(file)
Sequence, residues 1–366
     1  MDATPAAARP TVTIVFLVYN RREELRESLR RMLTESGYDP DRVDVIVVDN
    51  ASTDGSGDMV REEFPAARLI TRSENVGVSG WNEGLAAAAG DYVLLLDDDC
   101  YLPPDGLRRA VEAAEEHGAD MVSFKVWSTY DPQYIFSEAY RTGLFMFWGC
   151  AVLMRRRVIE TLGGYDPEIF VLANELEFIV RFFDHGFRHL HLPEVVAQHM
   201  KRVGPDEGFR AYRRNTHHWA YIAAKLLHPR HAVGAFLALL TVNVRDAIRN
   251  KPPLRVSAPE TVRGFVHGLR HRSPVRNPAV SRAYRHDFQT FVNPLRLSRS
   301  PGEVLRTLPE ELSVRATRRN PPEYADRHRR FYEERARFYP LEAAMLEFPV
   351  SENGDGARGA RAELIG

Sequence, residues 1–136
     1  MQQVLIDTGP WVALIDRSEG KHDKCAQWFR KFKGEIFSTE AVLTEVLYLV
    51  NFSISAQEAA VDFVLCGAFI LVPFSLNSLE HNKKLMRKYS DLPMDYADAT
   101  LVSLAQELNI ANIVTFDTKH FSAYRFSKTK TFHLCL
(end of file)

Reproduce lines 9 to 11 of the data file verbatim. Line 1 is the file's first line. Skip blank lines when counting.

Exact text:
   351  SENGDGARGA RAELIG

Sequence, residues 1–136
     1  MQQVLIDTGP WVALIDRSEG KHDKCAQWFR KFKGEIFSTE AVLTEVLYLV